It's easy to imagine the anxiety of Mitt Romney's advisers when debate crowds get as rowdy and bloodthirsty as the one attending last night's Republican affair in Myrtle Beach. Romney has shown that, even more than most politicians, he is unable to resist the gravitational pull of what he imagines his audience's id to be, which has led to some of his more unfortunate pronouncements. As it became clear that the Myrtle Beach crowd was in the mood to boo the mere mention of Mexico and Ron Paul's anti-interventionist pitch and to cheer Newt Gingrich's racially-tinged smackdown of Juan Williams, Romney's advisers had to be wondering what Romney would offer up as a crowd-pleaser. Well, one bit of red meat that he contributed that I'm surprised isn't getting more attention is his attack on the Obama administration for opening the way to negotiations with the Taliban. Not long ago, Romney was saying that it was time for us to get out of Afghanistan, declaring at the CNN debate in June that "it's time for us to bring our troops home as soon as we possibly can" and that "we've learned that our troops shouldn't go off and try to fight a war of independence for another nation." This caused dismay among the more hawkish elements of the Republican establishment, and Romney has over the past few months moved to a more ambivalent position -- looking ahead to the day when we can leave Afghanistan while at the same time attacking Obama for, well, preparing to leave Afghanistan.
But it seemed to be going a step further for Romney to be categorically opposing any negotiations with the Taliban -- contradicting one of his foreign policy advisers, as the debate moderator noted -- when it's hardly inconceivable that whoever wins in November will be having to, in some form or other, be talking with the Taliban. Here's the exchange:
BRET BAIER: Governor Romney, should the United States negotiate with the Taliban to end the fighting in Afghanistan?
ROMNEY: Of course not. And Speaker Gingrich is right. Of course you take out our enemies, wherever they are. These people declared war on us. They've killed Americans. We go anywhere they are, and we kill them. And the -- the right thing for...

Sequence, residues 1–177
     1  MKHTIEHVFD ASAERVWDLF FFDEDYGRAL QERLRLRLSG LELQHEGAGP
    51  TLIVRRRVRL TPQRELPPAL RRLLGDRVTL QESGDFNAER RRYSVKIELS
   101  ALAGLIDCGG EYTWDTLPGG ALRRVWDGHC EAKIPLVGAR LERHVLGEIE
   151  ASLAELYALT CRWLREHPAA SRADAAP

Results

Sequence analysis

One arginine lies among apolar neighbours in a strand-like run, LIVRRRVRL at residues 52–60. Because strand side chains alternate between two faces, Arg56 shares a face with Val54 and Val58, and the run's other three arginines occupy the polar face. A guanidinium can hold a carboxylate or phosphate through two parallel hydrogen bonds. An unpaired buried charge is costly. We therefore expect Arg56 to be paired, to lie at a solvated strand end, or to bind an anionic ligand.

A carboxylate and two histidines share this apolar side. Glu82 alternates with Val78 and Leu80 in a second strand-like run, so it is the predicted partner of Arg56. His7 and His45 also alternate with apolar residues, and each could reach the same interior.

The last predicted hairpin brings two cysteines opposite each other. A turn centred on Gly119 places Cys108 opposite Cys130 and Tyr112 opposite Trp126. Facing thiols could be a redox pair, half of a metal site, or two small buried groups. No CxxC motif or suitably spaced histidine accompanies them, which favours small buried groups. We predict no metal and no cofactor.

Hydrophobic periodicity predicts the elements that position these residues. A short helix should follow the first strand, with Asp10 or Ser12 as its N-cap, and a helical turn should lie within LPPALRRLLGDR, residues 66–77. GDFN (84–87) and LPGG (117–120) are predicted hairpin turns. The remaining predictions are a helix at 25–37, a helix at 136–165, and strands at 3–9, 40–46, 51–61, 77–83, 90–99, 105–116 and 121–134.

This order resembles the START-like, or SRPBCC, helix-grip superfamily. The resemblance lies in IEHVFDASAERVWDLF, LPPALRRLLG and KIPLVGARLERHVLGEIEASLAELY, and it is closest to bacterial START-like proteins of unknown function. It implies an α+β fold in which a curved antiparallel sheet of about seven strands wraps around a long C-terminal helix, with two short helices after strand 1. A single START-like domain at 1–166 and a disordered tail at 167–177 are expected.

The right thing for Osama bin Laden was the bullet in the -- in the head that he received. That's the right thing for people who kill American citizens.
Now, the Taliban is killing Americans. This president has done an extraordinary thing. He announced the date of our withdrawal. He announced the date of the withdrawal of our surge forces based upon a political calendar, not the calendar that the commanders on the ground said it was based for our mission. That was wrong.
And then he announced the day that we're going to pull out of the country all together. And now he wants to negotiate from a position of extraordinary weakness? You don't negotiate from -- with your enemy from a position of weakness as this president has done.
The right course for America is to recognize we're under attack. We're under attack by people, whether they're Al Qaida or other radical violent jihadists around the world, and we're going to have to take action around the world to protect ourselves.
And hopefully we can do it as we did with Osama bin Laden, as opposed to going to war as we had to do in -- in the case of -- of Iraq. The right way, Congressman Paul, in my view, is -- to keep us from having to go to those wars is to have a military so strong that no one would ever think of testing it. That's the kind of military we have to have, and we have to pursue our interests around the world.
BAIER:: Governor Romney, Mitchell Rice (ph) -- Mitchell Rice (ph), who I believe is one of your top foreign policy advisers, said that the Taliban may well be, quote, "our enemy and our negotiating partner." He said this means that some type of negotiated solution is the best near-term bet to halt the fighting. Is he wrong?
ROMNEY: Yes. The -- the right course for America is not to negotiate with the Taliban while the Taliban are killing our soldiers. The right course is to recognize they're the enemy of the United States. It's the vice president who said they're not the enemy of the United States. The vice president's wrong. They are the enemy. They're killing American soldiers.
We don't negotiate from a position of weakness as we're pulling our troops out. The right course for us is to strengthen the Afghan military force so they can reject the Taliban.
Think what it says to the people in Afghanistan and the military in Afghanistan, when we're asking them to stand up and fight to protect the sovereignty of their people, if they see us, their ally, turning and negotiating with the very people they're going to have to protect their nation from. It's the wrong course. The vice president's wrong. We should not negotiate with the Taliban. We should defeat the Taliban.
I left the applause markers in the transcript because, well, when you're dealing with a Romney answer, they're a relevant part of the exchange.